Wednesday, Nov. 22, 2017
A pioneering European research project with assistance from a Virginia Commonwealth University clinician aims to lead to new diagnostic tests to assess patients with non-alcoholic fatty liver disease and identify those most at risk for developing severe inflammation and liver scarring.
The $40 million (€34 million) project, Liver Investigation: Testing Marker Utility in Steatohepatitis, is funded by the European Innovative Medicines Initiative 2 Joint Undertaking and brings together clinicians and scientists from prominent academic centers across Europe with companies from the European Federation of Pharmaceutical Industries and Associations. Their common goals are developing, validating and qualifying better biomarkers for testing NAFLD.
The project is coordinated by Newcastle University, UK, working closely with the lead EFPIA partner, Pfizer. LITMUS will include 47 international research partners based at leading international universities and some of the world’s largest pharmaceutical companies.
Through his appointment as a visiting professor at Newcastle University, VCU Health hepatologist Arun Sanyal, M.D., is an adviser to the LITMUS project.
“This is a very important project which will allow physicians to diagnose those who have this dangerous kind of fatty liver disease,” he said. “Currently the only way to do that is with a liver biopsy, which is painful, invasive and carries some risk.”
Affecting 20 to 30 percent of the population worldwide, NAFLD is caused by a build-up of fat in liver cells, which leads to inflammation, scarring of the liver and ultimately cirrhosis. It is strongly linked to obesity and Type 2 diabetes.
Quentin Anstee, a professor at Newcastle University’s Institute of Cellular Medicine and a consultant hepatologist at Newcastle Hospitals NHS Foundation Trust, is coordinating the LITMUS consortium.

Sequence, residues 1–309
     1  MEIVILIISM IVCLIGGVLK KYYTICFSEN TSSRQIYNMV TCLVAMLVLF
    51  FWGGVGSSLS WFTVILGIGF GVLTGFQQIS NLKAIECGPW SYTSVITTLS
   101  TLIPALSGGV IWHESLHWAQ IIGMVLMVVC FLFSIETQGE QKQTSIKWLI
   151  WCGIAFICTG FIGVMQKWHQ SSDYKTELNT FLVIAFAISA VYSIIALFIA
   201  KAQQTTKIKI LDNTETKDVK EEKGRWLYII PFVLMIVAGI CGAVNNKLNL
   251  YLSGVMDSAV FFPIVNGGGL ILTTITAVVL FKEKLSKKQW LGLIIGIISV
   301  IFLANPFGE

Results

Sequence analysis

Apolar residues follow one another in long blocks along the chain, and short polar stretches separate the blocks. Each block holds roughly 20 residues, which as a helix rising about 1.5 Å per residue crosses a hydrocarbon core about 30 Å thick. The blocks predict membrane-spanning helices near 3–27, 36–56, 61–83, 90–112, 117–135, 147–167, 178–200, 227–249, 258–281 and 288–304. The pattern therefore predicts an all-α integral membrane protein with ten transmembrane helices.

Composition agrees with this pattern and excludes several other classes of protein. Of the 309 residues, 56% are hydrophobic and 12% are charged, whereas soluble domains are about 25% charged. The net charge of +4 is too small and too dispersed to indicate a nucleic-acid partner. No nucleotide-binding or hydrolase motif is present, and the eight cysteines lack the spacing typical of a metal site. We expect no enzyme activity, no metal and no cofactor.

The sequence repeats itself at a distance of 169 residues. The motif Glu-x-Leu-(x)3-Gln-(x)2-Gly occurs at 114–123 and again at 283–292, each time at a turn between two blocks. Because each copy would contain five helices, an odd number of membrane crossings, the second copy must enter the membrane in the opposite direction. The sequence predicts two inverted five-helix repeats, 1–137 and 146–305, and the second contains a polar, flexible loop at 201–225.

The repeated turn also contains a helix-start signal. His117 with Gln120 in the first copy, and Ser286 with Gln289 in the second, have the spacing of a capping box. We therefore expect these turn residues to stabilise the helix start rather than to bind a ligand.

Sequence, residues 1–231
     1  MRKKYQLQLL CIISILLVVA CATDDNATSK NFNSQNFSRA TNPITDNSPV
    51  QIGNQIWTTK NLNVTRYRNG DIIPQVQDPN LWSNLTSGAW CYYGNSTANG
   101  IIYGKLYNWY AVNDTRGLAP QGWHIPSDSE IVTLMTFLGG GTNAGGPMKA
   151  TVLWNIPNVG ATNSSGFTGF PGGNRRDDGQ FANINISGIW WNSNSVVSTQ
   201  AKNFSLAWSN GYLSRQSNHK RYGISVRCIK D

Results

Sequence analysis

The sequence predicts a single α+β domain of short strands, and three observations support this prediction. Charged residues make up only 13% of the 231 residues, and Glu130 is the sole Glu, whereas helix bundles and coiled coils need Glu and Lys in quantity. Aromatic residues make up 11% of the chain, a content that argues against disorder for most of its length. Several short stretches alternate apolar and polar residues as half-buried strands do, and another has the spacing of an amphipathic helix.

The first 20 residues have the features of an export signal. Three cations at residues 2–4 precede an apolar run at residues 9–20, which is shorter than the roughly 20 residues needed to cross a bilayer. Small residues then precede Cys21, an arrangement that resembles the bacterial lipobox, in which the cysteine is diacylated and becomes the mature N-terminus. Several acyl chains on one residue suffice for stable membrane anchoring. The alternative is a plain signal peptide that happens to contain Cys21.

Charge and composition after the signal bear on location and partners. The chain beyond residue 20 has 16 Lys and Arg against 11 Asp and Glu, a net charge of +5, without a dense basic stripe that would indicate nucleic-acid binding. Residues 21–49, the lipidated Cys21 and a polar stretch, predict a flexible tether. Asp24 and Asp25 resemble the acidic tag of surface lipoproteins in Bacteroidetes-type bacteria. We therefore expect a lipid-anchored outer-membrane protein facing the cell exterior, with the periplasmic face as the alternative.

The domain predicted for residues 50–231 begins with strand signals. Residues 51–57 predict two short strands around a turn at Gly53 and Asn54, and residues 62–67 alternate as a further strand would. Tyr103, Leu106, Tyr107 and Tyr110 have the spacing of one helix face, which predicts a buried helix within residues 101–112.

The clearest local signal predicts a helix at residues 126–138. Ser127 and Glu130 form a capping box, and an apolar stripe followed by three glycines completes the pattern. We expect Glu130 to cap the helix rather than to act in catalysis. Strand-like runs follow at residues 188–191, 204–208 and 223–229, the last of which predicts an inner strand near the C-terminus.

“Non-alcoholic fatty liver disease is already the most common underlying cause of liver transplant in the United States and, with the obesity epidemic in Europe, we are very close behind,” he said. “LITMUS will unite clinicians and academic experts from centers across Europe with scientists from the leading pharmaceutical companies, all working together to develop and validate new highly-accurate blood tests and imaging techniques that can diagnose the severity of liver disease, predict how each patient’s disease will progress and monitor those changes, better or worse, as they occur.”
“Lack of easy and accurate diagnostic tests means that many patients go undiagnosed until late in the disease process. It has also held back efforts to develop new medical treatments for NAFLD,” Anstee said. “Availability of better diagnostic tests will help us to target care at an early stage of disease to the people who are going to be most severely affected. It will also help us to develop more effective medical treatments for NAFLD and to run the clinical trials that the regulatory agencies need so that they can license these medicines to be prescribed by doctors.”
Chris Day, vice-chancellor and president of Newcastle University and a consultant hepatologist, added, “Tackling non-alcoholic fatty liver disease is a major public health challenge and the award of such a large grant from the EU, allowing us to bring together pharma and academia in this way, gives us real hope of making significant advances in the diagnosis and treatment of this increasingly common and often devastating disease.”
If studies in Europe identify noninvasive methods that properly recognize patients at risk for developing liver cirrhosis, those results will need to be validated in the United States. VCU Health will be one of two sites where that will happen, Sanyal said.
Julia Brosnan, senior director of external collaborations and scientific alliances at Pfizer, who also serves as the industry project lead for LITMUS, expressed enthusiasm about the good the collaboration will do.
“This is an exciting project and we look forward to working with the other LITMUS partners to develop new diagnostic tests for NAFLD, which is too often undiagnosed in patients,” she said. “We hope the results of this project will help change that.”
This project has received funding from the Innovative Medicines Initiative 2 Joint Undertaking under grant agreement No 777377. This Joint Undertaking receives support from the European Union’s Horizon 2020 research and innovation programme and EFPIA.
NOTES FOR EDITORS
Professor Quentin Anstee: